8.10.2014

the courage and compassion of dr. willie parker, the last abortion doctor in mississippi

"The Pink House", the last abortion clinic in Mississippi.
The owner painted it pink so it would stand out, in defiance.
I've thought a lot about heroes, that tremendously overused word, about who my heroes are and why I love them. Moral courage, as you may know, is my highest value. Now, reading this story in Esquire about Dr. Willie Parker, the last abortion doctor in the state of Mississippi, I realize there's another ingredient shared by all my heroes: an abundance of compassion.

Dr. Parker, a committed Christian, embodies both physical and moral courage, refusing to run despite the knowledge that others who tread this path have been murdered. Dr. Parker fills a vital health and social need by performing abortions in Mississippi. But he does more than that. He offers compassion (along with education) to every patient.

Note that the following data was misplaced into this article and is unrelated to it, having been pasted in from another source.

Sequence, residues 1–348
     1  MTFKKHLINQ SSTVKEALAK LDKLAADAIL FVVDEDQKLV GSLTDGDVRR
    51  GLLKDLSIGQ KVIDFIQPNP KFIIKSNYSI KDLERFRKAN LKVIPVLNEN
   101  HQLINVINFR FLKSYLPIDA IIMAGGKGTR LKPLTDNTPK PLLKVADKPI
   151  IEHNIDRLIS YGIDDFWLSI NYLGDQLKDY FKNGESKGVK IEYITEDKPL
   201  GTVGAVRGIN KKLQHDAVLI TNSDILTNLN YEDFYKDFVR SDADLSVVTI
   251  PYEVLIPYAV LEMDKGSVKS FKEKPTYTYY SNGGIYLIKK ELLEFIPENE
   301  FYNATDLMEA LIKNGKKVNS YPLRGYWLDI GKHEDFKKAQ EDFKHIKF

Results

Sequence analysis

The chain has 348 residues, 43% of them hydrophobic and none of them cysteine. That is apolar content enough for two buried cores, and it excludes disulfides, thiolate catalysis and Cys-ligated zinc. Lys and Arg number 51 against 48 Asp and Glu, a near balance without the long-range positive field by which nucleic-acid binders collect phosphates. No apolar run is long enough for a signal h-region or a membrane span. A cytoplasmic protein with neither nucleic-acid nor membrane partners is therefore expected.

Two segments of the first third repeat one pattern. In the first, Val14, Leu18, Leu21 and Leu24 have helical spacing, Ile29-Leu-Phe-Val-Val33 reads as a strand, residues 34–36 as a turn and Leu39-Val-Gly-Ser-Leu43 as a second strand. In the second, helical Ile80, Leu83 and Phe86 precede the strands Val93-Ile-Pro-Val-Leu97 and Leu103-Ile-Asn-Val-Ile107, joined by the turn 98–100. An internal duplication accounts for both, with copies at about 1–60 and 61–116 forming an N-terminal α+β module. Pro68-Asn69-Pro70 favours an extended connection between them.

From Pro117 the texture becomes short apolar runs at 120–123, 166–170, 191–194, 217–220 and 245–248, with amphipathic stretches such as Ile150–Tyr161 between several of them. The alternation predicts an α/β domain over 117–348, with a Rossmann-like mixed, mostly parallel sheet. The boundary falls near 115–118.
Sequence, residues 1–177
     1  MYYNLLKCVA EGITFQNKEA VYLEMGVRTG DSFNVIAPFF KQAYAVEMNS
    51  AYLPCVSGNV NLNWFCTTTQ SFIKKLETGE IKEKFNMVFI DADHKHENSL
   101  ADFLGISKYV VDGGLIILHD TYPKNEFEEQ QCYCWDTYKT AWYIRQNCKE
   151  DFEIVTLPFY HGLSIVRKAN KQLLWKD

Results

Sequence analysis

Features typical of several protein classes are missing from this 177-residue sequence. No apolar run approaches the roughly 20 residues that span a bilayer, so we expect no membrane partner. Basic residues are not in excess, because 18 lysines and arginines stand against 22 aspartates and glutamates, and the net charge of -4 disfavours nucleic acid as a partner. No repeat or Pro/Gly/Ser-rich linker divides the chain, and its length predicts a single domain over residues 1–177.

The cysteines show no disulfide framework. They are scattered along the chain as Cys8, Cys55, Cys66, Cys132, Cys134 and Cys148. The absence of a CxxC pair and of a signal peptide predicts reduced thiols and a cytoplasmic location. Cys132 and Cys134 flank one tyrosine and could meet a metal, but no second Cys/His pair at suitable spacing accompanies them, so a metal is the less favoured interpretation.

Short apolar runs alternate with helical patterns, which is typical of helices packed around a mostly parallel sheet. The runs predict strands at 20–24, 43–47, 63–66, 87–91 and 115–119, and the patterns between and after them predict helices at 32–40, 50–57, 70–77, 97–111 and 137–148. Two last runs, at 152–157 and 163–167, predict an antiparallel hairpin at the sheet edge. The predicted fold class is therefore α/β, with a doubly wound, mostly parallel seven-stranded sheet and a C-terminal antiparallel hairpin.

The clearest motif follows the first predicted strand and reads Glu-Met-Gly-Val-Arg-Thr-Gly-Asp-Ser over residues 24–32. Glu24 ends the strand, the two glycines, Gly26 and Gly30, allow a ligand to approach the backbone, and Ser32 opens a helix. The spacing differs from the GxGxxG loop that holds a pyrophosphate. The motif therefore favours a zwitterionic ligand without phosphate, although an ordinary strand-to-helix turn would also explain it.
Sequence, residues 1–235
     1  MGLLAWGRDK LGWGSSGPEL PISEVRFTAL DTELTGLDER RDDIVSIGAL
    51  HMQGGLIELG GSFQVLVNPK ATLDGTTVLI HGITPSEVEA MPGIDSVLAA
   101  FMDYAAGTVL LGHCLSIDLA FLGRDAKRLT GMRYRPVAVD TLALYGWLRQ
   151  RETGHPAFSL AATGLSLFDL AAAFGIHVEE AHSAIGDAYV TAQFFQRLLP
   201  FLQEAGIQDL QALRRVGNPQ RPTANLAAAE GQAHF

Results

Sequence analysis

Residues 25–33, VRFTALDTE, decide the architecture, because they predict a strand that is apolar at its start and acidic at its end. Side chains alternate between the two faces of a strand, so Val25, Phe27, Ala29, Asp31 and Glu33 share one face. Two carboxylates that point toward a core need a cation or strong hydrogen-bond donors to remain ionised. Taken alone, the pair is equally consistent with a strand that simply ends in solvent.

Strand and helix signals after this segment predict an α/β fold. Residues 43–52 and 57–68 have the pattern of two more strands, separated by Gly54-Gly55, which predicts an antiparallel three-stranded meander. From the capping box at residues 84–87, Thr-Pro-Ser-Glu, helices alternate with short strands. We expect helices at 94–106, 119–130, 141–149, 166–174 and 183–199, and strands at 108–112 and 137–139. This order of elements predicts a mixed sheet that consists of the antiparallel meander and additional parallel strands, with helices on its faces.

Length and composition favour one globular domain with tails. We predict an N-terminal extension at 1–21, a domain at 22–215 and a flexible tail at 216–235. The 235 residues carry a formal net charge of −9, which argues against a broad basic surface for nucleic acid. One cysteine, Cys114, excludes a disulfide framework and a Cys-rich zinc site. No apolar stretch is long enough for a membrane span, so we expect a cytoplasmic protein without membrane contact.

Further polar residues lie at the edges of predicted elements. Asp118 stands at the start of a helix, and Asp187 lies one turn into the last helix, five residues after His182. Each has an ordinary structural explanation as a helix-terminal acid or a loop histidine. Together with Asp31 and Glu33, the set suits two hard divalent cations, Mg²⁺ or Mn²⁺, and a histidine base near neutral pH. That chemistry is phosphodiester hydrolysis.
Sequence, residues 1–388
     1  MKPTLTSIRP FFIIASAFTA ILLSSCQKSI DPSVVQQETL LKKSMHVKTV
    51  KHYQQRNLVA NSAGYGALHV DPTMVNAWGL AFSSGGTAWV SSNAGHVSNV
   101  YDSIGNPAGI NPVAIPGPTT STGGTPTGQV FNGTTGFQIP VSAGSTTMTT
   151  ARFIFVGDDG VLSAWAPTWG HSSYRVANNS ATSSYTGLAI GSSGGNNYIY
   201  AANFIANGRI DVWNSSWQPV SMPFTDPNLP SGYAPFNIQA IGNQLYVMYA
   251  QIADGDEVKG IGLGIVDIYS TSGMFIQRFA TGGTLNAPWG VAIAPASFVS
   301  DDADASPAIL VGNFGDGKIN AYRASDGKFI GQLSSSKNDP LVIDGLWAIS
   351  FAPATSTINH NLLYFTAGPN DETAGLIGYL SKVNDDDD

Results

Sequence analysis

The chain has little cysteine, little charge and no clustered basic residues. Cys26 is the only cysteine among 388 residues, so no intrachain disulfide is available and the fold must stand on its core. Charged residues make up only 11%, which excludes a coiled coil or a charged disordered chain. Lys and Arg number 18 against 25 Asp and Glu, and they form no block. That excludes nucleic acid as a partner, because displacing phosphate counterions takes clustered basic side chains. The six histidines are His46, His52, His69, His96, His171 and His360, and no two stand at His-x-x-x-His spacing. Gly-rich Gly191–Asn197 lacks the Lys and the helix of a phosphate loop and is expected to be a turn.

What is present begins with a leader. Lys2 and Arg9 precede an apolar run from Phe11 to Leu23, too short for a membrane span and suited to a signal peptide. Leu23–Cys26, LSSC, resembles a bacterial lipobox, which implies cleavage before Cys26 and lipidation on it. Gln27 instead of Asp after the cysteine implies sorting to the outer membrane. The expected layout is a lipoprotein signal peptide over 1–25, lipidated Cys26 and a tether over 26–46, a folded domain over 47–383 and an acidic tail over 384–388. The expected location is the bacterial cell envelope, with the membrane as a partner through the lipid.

Dr. Parker not only wants women to decide for themselves whether and when to bear children. He wants to help free them of the guilt and shame that they've internalized from the surrounding anti-abortion culture. He is very smart, politically; he understands what really drives the anti-abortion movement.
One result: In 2012, America's teenage girls had an average of thirty-one births per one thousand. In Canada, the number was fourteen. In France, six. In Sweden, seven. The difference is that those countries promote contraception without shame. "So it seems like if they want to reduce abortion, the best thing to do would be to support contraception—but they're against contraception, too, because contraception and abortion decouple sexuality from procreation. That's why I think religious preoccupation with abortion is largely about controlling the sexuality of women."
This is a tremendous article, which Esquire released online in advance of the print edition, because of the recent court ruling blocking a Mississippi anti-abortion law. I hope you will read it in its entirety: The Abortion Ministry of Dr. Willie Parker, by John H. Richardson.